Five-year-old Shaman Mallery noticed it first, bringing the entire shopping entourage of his mother, his 2-year-old sister and two of his mother's friends to a screeching halt in front of what appeared to be just another store at Fair Oaks Mall.
It must be the Discovery Channel, Shaman's mother, Christina, thought as they all stared, open-mouthed, at a 33-inch television screen on which was displayed a huge eyeball, with steel, spider-like clasps holding the eyelid open.
Venturing closer, they peered through a 30-foot-wide window into an operating room where an actual surgeon stood hunched over an actual patient stretched out in a special chair.
"What are they doing?" Christina Mallery, 26, asked in wonder. A squeamishly close image of the surgeon placing a suction ring over the patient's eye flashed on the three large TV monitors.
"Oh, wow! Oh, wow! I can't believe this!" said her friend Aimee Villars, 25.
"Jeez, they're peeling his eyes off!" exclaimed Keith Barry, 46, as he joined the cluster of shoppers quickly collecting at the window.
Behind that panoramic glass partition was the latest in medical marketing, a mesmerizing surgical sales pitch topped off with a twinge of voyeurism: Now you can have laser eye surgery done at the mall.
Yes, somewhere between getting your tires rotated and your hair coiffed, it is now possible in Fairfax County to get your eyes fixed at the mall. What's more, the entire 15-minute procedure can be performed in front of gawking spectators, though only if you allow them that thrill. Patients preferring privacy can pull the blinds closed.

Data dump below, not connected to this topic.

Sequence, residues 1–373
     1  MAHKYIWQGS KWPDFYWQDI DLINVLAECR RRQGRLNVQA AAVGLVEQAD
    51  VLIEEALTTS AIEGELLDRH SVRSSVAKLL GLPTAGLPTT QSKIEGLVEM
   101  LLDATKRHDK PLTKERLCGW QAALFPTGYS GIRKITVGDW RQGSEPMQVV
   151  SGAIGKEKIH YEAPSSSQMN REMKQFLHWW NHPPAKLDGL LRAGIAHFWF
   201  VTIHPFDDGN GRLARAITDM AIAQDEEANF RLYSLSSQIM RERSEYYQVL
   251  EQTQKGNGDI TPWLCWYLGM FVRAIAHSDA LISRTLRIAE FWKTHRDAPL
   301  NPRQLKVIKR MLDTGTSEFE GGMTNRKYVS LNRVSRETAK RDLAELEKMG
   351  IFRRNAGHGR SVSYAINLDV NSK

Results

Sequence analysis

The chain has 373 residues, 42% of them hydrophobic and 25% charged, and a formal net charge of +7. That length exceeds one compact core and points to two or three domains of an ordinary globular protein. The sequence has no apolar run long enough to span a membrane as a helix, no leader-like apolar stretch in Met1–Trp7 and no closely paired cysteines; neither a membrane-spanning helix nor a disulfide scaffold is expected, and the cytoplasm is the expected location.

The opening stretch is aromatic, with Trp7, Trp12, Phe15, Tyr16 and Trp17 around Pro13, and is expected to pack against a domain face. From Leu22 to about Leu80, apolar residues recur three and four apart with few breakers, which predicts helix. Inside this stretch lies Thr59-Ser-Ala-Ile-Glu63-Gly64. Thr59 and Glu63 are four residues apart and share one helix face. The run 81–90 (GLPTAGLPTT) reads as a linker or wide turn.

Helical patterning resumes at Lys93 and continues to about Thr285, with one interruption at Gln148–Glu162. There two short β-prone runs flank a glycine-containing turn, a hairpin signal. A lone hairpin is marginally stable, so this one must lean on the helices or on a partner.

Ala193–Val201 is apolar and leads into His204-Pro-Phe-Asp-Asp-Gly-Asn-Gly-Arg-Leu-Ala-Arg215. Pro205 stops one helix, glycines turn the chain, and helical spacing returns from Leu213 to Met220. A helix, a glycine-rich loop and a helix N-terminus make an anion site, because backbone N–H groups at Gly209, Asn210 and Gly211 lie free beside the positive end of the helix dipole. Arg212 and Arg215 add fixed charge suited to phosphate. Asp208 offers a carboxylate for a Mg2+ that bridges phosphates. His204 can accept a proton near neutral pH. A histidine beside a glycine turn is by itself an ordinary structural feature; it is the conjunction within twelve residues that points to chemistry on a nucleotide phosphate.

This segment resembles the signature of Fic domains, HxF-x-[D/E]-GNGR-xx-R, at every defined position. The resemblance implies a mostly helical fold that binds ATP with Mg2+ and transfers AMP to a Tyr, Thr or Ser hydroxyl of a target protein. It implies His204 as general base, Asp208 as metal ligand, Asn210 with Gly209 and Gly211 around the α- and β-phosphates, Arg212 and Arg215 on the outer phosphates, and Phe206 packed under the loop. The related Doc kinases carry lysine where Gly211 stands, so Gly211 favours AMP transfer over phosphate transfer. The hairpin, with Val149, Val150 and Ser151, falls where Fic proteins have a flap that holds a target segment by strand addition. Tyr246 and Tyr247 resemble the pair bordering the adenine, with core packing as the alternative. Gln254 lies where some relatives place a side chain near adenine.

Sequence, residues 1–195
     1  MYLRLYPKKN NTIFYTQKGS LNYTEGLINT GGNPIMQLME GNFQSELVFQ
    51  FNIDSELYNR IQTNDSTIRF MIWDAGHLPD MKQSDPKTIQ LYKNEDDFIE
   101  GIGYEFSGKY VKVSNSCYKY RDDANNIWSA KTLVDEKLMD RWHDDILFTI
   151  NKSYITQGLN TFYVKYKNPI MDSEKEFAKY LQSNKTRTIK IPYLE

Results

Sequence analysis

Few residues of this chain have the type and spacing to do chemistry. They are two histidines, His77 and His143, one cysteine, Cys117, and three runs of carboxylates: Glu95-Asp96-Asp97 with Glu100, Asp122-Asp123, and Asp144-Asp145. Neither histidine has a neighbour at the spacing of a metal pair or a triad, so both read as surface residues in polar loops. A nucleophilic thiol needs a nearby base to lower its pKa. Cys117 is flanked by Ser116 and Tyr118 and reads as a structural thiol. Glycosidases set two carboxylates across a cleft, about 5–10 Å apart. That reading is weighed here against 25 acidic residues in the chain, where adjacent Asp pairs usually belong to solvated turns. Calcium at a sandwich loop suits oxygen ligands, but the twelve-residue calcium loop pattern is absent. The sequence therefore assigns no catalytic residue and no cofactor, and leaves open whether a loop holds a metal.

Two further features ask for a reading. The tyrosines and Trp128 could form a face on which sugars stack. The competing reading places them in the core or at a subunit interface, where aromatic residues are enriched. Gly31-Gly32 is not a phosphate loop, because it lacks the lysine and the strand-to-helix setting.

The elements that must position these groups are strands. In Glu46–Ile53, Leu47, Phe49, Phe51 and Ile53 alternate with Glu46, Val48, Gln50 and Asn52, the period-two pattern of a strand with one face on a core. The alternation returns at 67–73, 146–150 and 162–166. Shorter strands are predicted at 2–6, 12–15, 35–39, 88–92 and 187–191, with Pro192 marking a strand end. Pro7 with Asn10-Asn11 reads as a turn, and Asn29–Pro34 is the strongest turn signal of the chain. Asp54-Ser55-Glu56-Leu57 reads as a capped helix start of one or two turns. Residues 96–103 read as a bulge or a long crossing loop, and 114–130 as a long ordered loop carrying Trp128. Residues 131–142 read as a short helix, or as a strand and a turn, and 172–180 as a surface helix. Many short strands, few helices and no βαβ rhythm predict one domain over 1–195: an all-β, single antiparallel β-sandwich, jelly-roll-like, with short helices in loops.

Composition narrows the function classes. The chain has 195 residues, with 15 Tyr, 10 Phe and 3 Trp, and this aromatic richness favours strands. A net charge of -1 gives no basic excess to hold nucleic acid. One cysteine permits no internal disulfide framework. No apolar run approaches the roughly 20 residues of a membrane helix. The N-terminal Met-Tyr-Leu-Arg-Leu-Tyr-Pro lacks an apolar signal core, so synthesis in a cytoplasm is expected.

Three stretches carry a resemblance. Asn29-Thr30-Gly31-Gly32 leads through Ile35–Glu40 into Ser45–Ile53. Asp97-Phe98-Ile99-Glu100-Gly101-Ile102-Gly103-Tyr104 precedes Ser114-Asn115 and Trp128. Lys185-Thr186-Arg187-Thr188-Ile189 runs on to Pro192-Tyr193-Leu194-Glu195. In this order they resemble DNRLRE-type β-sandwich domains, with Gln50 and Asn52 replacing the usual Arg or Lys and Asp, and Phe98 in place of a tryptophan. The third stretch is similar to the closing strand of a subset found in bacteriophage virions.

The brainstorm of a Leesburg ophthalmologist, the Visual Freedom Center is the nation's first laser surgery center to be located in a shopping mall. And it won't be the last. A similar center opened last month in Minneapolis, and others are in the pipeline. A second Visual Freedom Center will open this September in suburban Maryland.
"It's not as crazy as it sounds," said Myles Weiner, chief executive of the Fair Oaks site, which opened last February in the same wing of the mall as LensCrafters. "It's a simple concept. We're trying to appeal to a mass market."
However unusual, sociologists and economists who study culture and shopping malls say it makes good sense.
"The shopping mall is becoming more of a public spectacle," said Tyler Cowen, a George Mason University professor who studies commercial culture, including malls. "People want to watch other people, and they want to do more than just shop."
Kurt Barnard, an economist and publisher of Barnard's Retail Trend Report in Montclair, N.J., said shopping malls are undergoing a transformation and are trying to attract unusual businesses.
"Lots of shopping center operators are getting worried about the Internet, and they'll do whatever they can to bring in people, not just to buy shoes but also to be entertained," he said. "Although I question the entertainment value of laser eye surgery, it's a novelty that is likely to bring a lot of people to the mall."
Fair Oaks Mall's marketing director, Judith Lewis Morris, said management was initially hesitant to lease mall space for a surgical center because "it was so out of the norm." But once they decided to give it a try, she said, the business has boomed, generating more traffic than most shops at the mall. "They continue to amaze us with their success," Morris said.
The center performs the LASIK (Laser in-situ Keratomileusis) procedure, an increasingly popular form of laser surgery used to correct nearsightedness, farsightedness and astigmatism. An estimated 950,000 people nationwide will undergo the LASIK procedure this year, more than double last year's 450,000, according to Spectrum Consultants, a laser research firm.